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Film Review: Hotel of the Damned (2016)

SYNOPSIS:

Nicky just got out of prison after doing some hard time; thankfully, Jimmy, his buddy from way back, is there to pick him up and help Nicky find his wayward daughter. Once found, though, things begin to really fall apart when they all check in to the Hotel of the Damned, because that’s one hotel you can check in to, but you can’t check out.

REVIEW:

Acting machine, Louis Mandylor, and thespian stalwart, Peter Dobson, star as Nicky and Jimmy, two Italian goombahs, in this cannibal horror film shot in Romania, of all places. The supporting cast members are Manuela Harabor as Maria, Nicky’s angry ex; Roxana Luca as Eliza, Nicky’s angry daughter; Bogdan Marhodin as Bogdan, Eliza’s ne’er-do-well boyfriend; and numerous shadowed actors as expeditious cannibals on the rampage and looking for a warming bedtime snack. The film is set deep in the Carpathian Mountains (how appropriate), but for those of you expecting horse-drawn carriages and flowing capes, you’ll be disappointed, because the time period is the present and, once the action really starts, the monster hunting takes place predominantly in an abandoned hotel, though not one as well kept as the Overlook.

The film begins with Nicky, a stereotypical Italian-American criminal right out of any number of Martin Scorsese movies, as he’s just being sprung from the pin after serving several years in a Romanian prison for some crime that’s never really specified but only hinted at after he and his pal, Jimmy, who picks him up at the prison gates, do a little grunting and half-baked musing; Jimmy then promptly sets Nicky back on the crooked and wide open path by casually suggesting they collect on a debt; flash to Jimmy and Nicky ruffing up and stealing a load of cash from an equivalent low-rent Romanian criminal right out of any number of European gangster movies.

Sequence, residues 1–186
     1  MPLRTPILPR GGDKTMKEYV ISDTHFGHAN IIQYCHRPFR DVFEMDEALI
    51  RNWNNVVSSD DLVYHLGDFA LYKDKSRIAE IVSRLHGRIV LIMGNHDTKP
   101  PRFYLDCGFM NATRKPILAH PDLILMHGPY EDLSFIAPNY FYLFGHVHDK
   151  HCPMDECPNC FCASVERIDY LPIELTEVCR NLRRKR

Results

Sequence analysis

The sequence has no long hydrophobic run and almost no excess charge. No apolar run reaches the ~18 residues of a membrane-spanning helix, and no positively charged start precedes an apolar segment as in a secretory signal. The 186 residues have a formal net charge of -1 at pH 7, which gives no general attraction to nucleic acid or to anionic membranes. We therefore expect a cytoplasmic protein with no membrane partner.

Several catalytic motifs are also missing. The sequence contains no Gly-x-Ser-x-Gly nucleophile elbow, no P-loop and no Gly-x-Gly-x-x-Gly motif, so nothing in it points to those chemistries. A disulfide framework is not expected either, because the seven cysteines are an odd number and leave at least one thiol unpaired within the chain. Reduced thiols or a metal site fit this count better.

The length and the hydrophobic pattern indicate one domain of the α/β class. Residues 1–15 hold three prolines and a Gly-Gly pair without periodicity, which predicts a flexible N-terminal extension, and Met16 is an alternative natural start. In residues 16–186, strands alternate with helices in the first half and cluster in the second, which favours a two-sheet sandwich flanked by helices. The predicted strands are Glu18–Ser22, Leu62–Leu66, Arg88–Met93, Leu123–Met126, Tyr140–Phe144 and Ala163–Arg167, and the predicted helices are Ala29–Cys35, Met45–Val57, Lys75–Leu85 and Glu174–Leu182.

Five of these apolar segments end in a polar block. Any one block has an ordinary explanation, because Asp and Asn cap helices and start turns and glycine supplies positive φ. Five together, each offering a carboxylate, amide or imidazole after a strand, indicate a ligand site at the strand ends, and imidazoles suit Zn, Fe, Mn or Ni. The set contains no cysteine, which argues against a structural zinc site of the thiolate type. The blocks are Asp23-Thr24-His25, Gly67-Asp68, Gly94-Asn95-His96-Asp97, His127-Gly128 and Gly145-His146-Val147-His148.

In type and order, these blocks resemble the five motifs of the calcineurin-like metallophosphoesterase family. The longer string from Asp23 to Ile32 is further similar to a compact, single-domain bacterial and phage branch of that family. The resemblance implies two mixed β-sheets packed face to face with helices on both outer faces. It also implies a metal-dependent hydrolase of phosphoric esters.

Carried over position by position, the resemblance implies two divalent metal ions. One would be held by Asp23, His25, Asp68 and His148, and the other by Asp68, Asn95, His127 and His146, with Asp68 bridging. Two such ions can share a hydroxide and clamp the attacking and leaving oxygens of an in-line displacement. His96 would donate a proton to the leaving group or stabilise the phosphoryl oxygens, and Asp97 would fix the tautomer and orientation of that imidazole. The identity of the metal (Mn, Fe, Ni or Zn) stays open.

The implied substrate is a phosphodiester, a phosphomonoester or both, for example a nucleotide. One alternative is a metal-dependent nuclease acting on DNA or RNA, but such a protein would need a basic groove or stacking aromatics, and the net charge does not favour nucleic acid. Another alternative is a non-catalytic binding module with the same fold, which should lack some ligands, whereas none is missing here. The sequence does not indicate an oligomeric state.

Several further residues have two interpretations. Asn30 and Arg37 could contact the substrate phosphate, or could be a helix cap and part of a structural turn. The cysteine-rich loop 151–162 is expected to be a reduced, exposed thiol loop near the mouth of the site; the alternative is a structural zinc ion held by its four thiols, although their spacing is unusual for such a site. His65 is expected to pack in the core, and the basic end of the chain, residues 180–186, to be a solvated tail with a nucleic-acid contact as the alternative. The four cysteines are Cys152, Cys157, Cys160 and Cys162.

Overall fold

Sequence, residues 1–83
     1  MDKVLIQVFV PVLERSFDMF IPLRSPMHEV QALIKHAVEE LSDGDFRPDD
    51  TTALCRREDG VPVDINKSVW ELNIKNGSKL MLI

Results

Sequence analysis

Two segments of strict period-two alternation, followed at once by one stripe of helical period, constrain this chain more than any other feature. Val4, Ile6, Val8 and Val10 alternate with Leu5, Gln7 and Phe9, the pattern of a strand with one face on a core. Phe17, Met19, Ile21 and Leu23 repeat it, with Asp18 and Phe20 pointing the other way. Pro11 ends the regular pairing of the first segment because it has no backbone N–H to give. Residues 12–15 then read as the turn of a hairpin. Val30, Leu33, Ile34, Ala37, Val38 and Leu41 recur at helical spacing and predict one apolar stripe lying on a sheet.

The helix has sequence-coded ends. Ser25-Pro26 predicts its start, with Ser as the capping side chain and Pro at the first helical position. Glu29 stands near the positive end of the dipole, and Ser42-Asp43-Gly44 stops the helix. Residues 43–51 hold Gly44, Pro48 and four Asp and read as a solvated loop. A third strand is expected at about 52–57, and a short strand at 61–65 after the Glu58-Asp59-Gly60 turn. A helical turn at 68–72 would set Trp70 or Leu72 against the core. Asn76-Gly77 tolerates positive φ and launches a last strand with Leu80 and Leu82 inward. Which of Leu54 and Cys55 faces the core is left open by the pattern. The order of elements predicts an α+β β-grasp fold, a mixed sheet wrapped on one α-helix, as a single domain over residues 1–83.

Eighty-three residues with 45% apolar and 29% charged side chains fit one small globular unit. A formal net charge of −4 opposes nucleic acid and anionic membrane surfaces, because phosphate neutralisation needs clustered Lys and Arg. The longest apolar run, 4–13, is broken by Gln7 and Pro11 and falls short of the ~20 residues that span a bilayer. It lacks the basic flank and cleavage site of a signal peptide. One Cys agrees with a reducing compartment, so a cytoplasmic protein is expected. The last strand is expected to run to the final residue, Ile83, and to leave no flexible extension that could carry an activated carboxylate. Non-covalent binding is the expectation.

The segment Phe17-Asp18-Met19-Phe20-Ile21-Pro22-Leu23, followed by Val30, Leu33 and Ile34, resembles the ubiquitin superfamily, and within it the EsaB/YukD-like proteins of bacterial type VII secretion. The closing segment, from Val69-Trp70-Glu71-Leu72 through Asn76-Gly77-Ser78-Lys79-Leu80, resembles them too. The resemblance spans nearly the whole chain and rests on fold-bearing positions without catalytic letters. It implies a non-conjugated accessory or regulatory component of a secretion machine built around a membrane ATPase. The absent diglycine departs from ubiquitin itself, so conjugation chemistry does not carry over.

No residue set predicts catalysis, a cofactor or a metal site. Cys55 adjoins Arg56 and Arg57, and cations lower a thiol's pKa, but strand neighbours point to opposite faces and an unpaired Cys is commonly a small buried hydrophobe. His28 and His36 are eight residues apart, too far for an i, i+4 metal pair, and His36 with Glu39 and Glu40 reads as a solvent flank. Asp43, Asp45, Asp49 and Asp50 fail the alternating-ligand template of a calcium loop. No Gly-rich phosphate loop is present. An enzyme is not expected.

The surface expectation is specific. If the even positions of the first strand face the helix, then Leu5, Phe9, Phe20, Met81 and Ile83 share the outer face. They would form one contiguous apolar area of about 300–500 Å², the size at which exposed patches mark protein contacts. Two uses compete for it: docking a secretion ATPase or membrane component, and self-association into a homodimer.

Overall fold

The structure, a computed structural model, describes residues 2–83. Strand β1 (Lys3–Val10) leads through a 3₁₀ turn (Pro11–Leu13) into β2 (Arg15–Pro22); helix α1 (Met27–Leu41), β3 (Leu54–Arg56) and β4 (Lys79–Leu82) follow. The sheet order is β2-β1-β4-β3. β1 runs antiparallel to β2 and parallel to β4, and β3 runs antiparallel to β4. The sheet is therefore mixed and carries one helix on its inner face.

Once this bit of character set-up is done, the story moves on to Nicky and Jimmy trying to track down Nicky’s daughter, Eliza, and her scuzzy boyfriend, Bogdan; once found, they all set off on a trip that’s abruptly brought to a halt by a car accident that leaves them stranded at a decomposing hotel, fighting for their lives as a pack of cannibals hunts them down.

First time feature length director, Bobby Barbacioru, takes the reins competently and holds them steady throughout this limited production. His earlier, lower-level experiences in filmmaking serve him well here; attained skills and competency through observations he made while functioning as transportation coordinator in the Romania version of the industry are honed and put to the test with satisfactory results.

He’s taken a slightly disjointed script by Luca Bercovici and Paul Petcu and maintained a certain level of coherence; what seems a bit whacky, with two New York thugs taking center stage in the Carpathian Mountains, Barbacioru makes feel believable and fresh. Not completely relying on the wheezy Last Girl scenario, or a list of characters barely out of milk-fed adolescence, the story comes off a bit tougher and a little better balanced that most takes on the subject.

Andrei Baltaretu’s cinematography is a real pleasure to see; he’s at a competency level here that far outstrips the spent plot he’s given to work with. Driving the imagery is an intensely hued color saturation that fills the first act plot elements with a sultry and dangerous realism and sharp-edged heat; once into the second act elements, the color correction shifts to a dewy contralto blue, signaling the cinematic transition into a world of oblique shadows and frigid desperation. The night is closing in, becoming deeper and more menacing; the once grand hotel, now a mere shell of its former self, is a darkened Hell, laced with monsters and mayhem. Baltaretu captures this sooty nightmare beautifully with vibrant skill, digging deep into the psyche of the environment like a good cinematography should.

With the highly skilled acting craftsmanship of Mandylor and Dobson, and slightly lesser efforts put in by the Romanian cast, including the cannibals who had to do very little beyond be menacing in the shadows and give the appearance of being inbred, combined with Barbacioru’s finely honed abilities as director, Baltaretu’s sensual cinematography, and Andrew Spence’s velvety score, we have a winner if not a masterpiece. Check it out if you’re in the mood for a little gut-munching pandemonium sans zombies.

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